Setting the maximum distance is a way to make a search more rapid. For
example if you are searching over a dictionary of 100,000 or a million
words, and only need close matches, you can more rapidly reject
unwanted matches by setting the maximum distance to a lower
value. Calculating Levenshtein distance is an O(n^2) algorithm in the
lengths of the words, so even a small increase in the maximum
permitted distance means a much larger amount of work for the computer
to do. With the maximum distance set, the computer can give up
calculating more quickly with bad matches.

=head2 transpositions_ok

    $tf->transpositions_ok (1);

A true value in the argument changes the type of edit distance used to
allow transpositions, such as C<clam> and C<calm>. Initially
transpositions are not allowed, giving the Levenshtein edit
distance. If transpositions are used, the edit distance becomes the
Damerau-Levenshtein edit distance. A false value disallows

    $tf->transpositions_ok (0);

=head2 no_exact

    $tf->no_exact (1);

This is a flag to L</nearest> which makes it ignore exact matches. For

    use Text::Fuzzy;
    my @words = qw/bibbity bobbity boo/;
    for my $word (@words) {
        my $tf = Text::Fuzzy->new ($word);
        $tf->no_exact (0);
        my $nearest1 = $tf->nearest (\@words);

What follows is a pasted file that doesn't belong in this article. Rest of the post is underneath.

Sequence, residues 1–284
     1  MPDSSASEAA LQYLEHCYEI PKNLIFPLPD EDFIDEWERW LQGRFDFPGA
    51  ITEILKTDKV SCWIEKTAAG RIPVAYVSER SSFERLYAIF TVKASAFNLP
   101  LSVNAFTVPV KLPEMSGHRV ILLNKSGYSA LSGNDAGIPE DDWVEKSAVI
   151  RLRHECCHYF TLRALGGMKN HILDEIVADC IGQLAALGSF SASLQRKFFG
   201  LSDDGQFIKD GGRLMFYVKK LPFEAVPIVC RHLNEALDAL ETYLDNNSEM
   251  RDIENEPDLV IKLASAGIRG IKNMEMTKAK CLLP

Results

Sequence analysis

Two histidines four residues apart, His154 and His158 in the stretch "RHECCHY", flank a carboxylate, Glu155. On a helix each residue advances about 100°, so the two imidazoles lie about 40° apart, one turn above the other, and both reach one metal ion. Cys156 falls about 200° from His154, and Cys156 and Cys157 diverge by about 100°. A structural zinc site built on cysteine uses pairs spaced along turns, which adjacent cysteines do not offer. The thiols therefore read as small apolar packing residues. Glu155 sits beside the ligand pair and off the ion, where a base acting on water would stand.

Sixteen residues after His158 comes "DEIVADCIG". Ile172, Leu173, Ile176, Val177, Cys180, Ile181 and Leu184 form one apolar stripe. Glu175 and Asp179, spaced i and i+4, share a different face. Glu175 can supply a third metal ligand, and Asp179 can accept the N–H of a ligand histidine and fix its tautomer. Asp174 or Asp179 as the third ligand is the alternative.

print "With exact, nearest to $word is $words[$nearest1]\n";
        # Make "$word" not match itself.
        $tf->no_exact (1);
        my $nearest2 = $tf->nearest (\@words);
        print "Without exact, nearest to $word is $words[$nearest2]\n";

produces output

    With exact, nearest to bibbity is bibbity
    Without exact, nearest to bibbity is bobbity
    With exact, nearest to bobbity is bobbity
    Without exact, nearest to bobbity is bibbity
    With exact, nearest to boo is boo
    Without exact, nearest to boo is bobbity

(This example is included as L<F<no-exact.pl>|https://fastapi.metacpan.org/source/BKB/Text-Fuzzy-0.28/examples/no-exact.pl> in the distribution.)

This is for the case of searching over an array which contains the
searched-for item itself.

=head2 scan_file

    my $nearest = $tf->scan_file ('/usr/share/dict/words');

Scan a file to find the nearest match to the word used in
L</new>. This assumes that the file contains lines of text separated
by newlines, and finds the closest match in the file. Its return value
is a string rather than a line number. It cannot return an array of
values. It does not currently support Unicode-encoded files.


These functions do not require a C<Text::Fuzzy> object.

=head2 distance_edits